Yes, there are absolutely times where God leads to take a step and we must do it by faith. I could write about some of those times too!  However, many of us struggle with a restless spirit.  This is true of pastors, but it is also true of many others in business, marriage, athletics, education, etc.   Many times, we get restless and plan our next step when we really need to “bloom where we are planted,” put our hands to the plow and be faithful for another season where we are.  Rather than focusing on the “next step” try focusing on faithfulness right now, right now where you are.  The Lord honors a simple faithfulness.  He knows where you are.  He will make the next step clear when it’s time.

Trust in the Lord with all your heart And do not lean on your own understanding. In all your ways acknowledge Him, And He will make your paths straight.” (Proverbs 3:5–6, NASB95)

 

Prayer that Won’t Give Up

25 Jan

This week in my Bible reading, I was blessed anew by a parable of Jesus that I had read hundreds of times.  It is what is commonly known as the “Parable of the Unjust Judge” in Luke 18….

Now He was telling them a parable to show that at all times they ought to pray and not to lose heart, saying, “In a certain city there was a judge who did not fear God and did not respect man. “There was a widow in that city, and she kept coming to him, saying, ‘Give me legal protection from my opponent.’ “For a while he was unwilling; but afterward he said to himself, ‘Even though I do not fear God nor respect man, yet because this widow bothers me, I will give her legal protection, otherwise by continually coming she will wear me out.’ ” And the Lord said, “Hear what the unrighteous judge said; now, will not God bring about justice for His elect who cry to Him day and night, and will He delay long over them? “I tell you that He will bring about justice for them quickly. However, when the Son of Man comes, will He find faith on the earth?”” (Luke 18:1–8, NASB95)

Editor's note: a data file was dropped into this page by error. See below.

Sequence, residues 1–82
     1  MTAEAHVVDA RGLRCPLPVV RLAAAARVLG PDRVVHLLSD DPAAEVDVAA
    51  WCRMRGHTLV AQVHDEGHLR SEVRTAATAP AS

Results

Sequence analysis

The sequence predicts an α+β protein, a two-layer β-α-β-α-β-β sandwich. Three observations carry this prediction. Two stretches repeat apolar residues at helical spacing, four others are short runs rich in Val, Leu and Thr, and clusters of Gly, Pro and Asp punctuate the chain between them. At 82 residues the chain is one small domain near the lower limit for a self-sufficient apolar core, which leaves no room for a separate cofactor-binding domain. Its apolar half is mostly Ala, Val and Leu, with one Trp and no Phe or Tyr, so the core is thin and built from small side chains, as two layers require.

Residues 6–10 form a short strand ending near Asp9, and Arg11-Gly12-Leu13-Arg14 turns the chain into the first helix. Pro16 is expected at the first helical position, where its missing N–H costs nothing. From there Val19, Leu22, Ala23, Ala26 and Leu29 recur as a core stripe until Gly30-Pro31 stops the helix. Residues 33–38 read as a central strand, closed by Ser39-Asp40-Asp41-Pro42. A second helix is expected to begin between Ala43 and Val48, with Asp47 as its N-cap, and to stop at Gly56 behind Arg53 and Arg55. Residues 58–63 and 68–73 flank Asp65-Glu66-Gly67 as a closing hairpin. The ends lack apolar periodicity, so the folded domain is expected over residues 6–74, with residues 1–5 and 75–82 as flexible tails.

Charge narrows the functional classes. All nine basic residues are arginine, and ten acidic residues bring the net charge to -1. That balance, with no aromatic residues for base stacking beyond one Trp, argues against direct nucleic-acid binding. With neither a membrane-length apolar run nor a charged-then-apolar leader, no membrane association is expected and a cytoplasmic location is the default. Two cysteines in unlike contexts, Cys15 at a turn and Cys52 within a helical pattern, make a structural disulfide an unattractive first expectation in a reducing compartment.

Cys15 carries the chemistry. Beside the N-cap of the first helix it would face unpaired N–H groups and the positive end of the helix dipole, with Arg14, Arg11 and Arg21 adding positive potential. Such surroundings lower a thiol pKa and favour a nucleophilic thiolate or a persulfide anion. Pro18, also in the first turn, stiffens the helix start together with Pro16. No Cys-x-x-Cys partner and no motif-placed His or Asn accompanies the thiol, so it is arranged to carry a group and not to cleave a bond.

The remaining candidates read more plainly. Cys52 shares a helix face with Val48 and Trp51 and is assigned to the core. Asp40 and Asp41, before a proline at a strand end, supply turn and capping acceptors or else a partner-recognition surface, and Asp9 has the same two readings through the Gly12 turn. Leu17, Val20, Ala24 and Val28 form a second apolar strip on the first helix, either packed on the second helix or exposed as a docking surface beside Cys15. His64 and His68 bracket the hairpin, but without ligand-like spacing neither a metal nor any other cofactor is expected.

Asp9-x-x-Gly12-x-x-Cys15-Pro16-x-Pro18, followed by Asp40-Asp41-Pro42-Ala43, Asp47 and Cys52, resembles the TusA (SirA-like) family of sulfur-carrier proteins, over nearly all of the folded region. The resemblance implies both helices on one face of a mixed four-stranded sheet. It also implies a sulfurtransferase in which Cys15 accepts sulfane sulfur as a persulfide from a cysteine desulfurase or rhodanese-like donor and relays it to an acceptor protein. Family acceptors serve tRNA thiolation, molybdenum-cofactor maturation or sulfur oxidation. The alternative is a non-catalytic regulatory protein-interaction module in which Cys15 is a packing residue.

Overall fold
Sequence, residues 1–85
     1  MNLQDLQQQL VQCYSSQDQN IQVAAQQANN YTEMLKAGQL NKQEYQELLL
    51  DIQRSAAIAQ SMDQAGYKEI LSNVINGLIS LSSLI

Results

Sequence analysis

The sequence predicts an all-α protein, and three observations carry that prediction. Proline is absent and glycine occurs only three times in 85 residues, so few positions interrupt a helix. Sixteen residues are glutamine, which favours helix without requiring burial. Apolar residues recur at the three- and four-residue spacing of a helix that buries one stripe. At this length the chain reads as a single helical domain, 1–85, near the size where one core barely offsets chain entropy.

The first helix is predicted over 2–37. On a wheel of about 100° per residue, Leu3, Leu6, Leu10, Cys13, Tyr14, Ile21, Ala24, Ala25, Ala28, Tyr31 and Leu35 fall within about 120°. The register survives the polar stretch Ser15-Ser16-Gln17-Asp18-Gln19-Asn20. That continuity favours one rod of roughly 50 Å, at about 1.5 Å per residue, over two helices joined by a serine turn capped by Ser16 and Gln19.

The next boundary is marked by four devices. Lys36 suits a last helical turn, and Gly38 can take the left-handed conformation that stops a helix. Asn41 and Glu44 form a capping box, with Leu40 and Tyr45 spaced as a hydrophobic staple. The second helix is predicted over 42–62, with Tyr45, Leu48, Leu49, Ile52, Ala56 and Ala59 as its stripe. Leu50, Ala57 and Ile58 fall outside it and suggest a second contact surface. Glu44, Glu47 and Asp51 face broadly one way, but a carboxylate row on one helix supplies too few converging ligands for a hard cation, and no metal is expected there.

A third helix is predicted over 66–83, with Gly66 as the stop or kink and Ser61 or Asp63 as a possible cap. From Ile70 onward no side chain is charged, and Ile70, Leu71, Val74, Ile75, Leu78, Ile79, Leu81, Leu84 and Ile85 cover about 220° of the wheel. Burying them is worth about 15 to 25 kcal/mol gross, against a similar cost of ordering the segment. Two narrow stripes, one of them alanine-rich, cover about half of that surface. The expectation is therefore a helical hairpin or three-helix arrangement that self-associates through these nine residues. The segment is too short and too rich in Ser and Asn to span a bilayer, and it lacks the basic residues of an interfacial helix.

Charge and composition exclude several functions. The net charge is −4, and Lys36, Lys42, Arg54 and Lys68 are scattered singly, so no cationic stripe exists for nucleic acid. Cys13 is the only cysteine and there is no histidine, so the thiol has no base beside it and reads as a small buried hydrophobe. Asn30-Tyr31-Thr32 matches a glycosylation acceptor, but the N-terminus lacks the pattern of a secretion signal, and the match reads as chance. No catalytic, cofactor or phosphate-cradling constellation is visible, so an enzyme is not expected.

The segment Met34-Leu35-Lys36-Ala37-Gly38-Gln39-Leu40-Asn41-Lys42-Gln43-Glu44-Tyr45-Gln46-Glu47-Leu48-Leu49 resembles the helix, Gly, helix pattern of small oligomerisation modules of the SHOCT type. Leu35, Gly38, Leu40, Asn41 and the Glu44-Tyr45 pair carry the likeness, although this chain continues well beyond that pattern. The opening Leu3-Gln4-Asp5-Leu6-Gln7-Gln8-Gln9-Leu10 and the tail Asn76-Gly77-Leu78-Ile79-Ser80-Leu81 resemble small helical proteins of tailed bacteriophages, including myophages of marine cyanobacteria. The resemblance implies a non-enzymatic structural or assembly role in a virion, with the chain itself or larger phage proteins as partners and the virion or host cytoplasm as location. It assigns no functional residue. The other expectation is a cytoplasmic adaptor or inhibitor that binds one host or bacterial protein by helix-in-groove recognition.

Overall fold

In this parable, Jesus gives us the lesson and application up front:  he is giving this parable so that people will constantly pray and not lose heart in their praying. Then he unfolds the parable, and the interpretation of it must flow through the opening verse. Let’s draw four important applications from this parable….

We can be tempted to “lose heart” when our prayers are not answered. Certainly all of us have been there at some point along life’s way. We have prayed and prayed – to no avail. What we have asked God for has gotten worse or seems like more of an impossibility.  In these situations, we tend to grow weary, frustrated, and, yes, even angry with God. We lose heart. We stop praying, or at least stop praying as often or as specifically as we once did.  This parable is given as an antidote for this situation.